on 25 September 2006
I had been waiting for this LP with bated breath, as Ken's Touched is one of my favourite albums of all time. Touched was a consistently excellent record, with hardly a duff track. Soft Commands has maybe five or six great songs, but there are a couple of weak moments that prevent this from being a five starrer.
First track You Drew is lovely - interesting lyrics, well-constructed and with effective piano. It is similar to Jackson Browne and has a classic 70s feel. Any Love is a beaut, a lovely strummed intro and a great dynamic range to Ken's vocals. It's a song that goes to unexpected places and then comes back to a typical Ken killer chorus. Known Diamond is a pretty piano ballad, but is a bit too slow for only the third track. It breaks the flow of the album, which is a pity when the first two tracks are so good.
When U Find Someone has some great harmonies, but is too much of a Beach Boys pastiche vocal wise. Don't Die is a bit of a power pop by numbers plodder. The quality is upped with Let Me Do, which again has great vocals and a Maccaish feel. It is another unpredictable number, and this is a great strength.
For Your Sake is the most Posies-esque track. The verses build up the tension which is released with a glorious chorus. Je Vous En Prie is a lilting paean, it seems, to Ken's wife Dominique. It feels too personal, and to my ears sounds too stereotypically "French". I almost expected Rene from Allo Allo to appear on backing vocals.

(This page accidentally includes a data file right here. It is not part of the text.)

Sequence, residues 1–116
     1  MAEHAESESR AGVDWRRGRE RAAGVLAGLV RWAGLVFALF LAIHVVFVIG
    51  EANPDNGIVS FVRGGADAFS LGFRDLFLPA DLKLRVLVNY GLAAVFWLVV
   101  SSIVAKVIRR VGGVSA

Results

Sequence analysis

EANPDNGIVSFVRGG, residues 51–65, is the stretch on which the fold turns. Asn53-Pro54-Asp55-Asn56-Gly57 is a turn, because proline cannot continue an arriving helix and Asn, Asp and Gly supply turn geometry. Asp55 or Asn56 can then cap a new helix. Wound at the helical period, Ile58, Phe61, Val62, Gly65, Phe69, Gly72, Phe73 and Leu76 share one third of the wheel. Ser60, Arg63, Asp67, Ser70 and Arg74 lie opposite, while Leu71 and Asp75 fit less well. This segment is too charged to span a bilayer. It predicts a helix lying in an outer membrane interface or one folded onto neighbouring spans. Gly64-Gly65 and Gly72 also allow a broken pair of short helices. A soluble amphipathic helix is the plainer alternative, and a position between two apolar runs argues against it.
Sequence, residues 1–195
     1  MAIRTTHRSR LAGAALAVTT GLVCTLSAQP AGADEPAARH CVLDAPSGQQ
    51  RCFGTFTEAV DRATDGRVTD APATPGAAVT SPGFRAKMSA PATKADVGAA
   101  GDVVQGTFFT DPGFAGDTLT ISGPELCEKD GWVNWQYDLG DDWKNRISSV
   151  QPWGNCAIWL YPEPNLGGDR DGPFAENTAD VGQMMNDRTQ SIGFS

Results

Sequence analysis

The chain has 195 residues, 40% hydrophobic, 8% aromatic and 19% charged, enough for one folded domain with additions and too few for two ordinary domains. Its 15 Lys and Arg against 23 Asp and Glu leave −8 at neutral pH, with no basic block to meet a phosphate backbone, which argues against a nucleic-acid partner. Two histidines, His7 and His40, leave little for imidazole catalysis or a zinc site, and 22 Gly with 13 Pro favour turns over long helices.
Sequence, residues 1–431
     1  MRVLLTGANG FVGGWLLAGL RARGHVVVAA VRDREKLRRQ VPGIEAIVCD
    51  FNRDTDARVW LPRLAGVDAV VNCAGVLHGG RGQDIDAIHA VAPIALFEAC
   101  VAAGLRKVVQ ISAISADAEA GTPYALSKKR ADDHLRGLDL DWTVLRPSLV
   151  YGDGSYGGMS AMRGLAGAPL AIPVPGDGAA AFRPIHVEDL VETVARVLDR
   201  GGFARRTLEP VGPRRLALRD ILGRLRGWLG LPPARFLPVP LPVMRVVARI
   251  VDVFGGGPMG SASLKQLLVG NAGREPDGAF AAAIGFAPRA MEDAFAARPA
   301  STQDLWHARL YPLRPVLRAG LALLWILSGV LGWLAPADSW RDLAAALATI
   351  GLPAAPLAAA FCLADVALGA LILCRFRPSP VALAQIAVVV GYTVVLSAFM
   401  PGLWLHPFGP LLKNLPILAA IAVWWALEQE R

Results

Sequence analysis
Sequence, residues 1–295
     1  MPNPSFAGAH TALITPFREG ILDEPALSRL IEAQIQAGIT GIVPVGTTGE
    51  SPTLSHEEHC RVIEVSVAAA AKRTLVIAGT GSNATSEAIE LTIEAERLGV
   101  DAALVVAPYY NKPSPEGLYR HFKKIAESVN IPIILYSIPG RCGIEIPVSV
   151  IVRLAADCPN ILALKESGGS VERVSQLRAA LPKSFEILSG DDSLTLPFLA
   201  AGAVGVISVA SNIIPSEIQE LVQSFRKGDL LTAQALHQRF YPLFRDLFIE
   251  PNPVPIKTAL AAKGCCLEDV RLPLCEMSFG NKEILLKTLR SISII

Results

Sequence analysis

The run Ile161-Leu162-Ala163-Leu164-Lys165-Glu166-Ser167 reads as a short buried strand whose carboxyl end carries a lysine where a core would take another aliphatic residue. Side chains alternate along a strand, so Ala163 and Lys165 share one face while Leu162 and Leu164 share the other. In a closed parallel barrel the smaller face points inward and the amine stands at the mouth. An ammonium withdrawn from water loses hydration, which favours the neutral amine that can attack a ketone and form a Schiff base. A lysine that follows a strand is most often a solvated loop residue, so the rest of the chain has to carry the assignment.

You Become The Dawn is great - a well constructed and passionately sung track which even has reggae elements! It is good though! After a short instrumental track - Dawn of the Dub, Ken delivers a couple of corkers which redeem the LP as a whole. Cyclone Graves has subtle acoustic instrumentation and a beautiful chorus and harmonies. The last track, Death Of A City, is a piano based song with intriguing lyrics and a slanting, oblique melody.
So, that is Soft Commands. There are six brilliant songs, a few good ones and a couple of fillers. The lyrics are always interesting and the instrumentation is extremely varied. In fact, I think that Soft Commands is a tad too varied. It doesn't sustain the excellence throughout as Touched did, and is a CD I "dip into" rather than listen to all the way through. It would have been far stronger as a ten track LP. It is a grower though and you should buy itif you are a fan of great vocals, enthralling chord changes and beautifully put together classic pop songs. Phew!